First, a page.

The gliding motion of a bony prominence over the ribs provokes the sounds associated with a snapping scapula. The morphology of the superomedial border of the scapula is a common factor contributing to the development of this condition (13, 14). Several reports have described variations in this morphology ranging from a thickened bulbous corner to a hook-shaped bony prominence (7, 10, 14). More specifically, Luschka’s tubercle is a fibrocartilagenous nodule on the anterior aspect of the superomedial angle of the scapula. The prominent nature of the tubercle within the scapulothoracic space can become a significant source of pain contributing to the development of a snapping scapula. Being aware of its role in the development of a snapping scapula is essential to creating a treatment plan that addresses all sources of pain within the scapulothoracic space.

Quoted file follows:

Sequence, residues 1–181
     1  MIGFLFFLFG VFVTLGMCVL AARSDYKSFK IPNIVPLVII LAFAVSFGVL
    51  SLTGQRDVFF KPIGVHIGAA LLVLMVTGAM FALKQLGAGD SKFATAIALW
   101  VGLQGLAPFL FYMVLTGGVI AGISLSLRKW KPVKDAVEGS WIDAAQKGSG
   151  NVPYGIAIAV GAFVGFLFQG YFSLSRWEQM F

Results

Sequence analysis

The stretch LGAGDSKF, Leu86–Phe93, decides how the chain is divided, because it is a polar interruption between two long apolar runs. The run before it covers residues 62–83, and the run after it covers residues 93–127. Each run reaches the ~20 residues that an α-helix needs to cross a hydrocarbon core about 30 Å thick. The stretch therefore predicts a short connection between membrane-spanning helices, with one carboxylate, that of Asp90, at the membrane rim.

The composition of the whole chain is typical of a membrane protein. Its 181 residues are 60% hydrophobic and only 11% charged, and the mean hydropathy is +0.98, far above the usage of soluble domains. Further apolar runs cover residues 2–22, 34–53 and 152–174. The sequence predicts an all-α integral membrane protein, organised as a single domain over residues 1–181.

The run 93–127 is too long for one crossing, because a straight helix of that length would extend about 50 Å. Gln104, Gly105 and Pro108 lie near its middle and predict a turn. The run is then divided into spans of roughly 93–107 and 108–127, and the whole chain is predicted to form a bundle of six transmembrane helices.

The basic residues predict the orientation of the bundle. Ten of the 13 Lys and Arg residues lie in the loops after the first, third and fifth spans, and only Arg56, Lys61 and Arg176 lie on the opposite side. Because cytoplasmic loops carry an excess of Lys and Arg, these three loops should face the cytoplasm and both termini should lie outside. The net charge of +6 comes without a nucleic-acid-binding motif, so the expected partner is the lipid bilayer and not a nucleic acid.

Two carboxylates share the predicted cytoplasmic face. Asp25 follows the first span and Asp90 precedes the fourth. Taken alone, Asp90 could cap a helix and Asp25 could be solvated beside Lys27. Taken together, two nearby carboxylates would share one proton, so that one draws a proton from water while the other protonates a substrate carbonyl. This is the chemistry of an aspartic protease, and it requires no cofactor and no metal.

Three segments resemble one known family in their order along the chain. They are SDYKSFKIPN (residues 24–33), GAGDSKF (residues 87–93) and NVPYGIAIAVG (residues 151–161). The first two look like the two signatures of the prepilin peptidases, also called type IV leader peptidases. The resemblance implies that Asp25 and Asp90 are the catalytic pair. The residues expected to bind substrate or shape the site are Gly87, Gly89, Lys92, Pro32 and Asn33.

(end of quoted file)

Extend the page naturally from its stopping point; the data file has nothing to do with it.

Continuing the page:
Table 26.3 Etiology of the snapping Scapula































Changes in Bony Structure


Changes in Intervening Muscle


Scapulothoracic Bursae


Luschka’s tubercle


Tendinitis of scapular stabilizers


Inflammation


Increased curvature superior medial angle


Anatomic muscle variations



Exostosis


Muscle insertion avulsions/traction spurs



Rare bony tumors of ribs/scapula




Tuberculosis/syphilis




Sprengel’s deformity




Bony prominences also develop secondary to fractures, dislocations, and tumors. Fractures of the ribs and/or scapula may heal with exuberant callus or as a malunion or nonunion that causes a painful, snapping scapula (15). An osseous tumor, such as an osteochondroma, may form on the anterior surface of the scapula and, depending on its size, become a significant irritant during scapular motion. Another source of osseous irritation in the scapulothoracic space is a bone spur that develops from the traction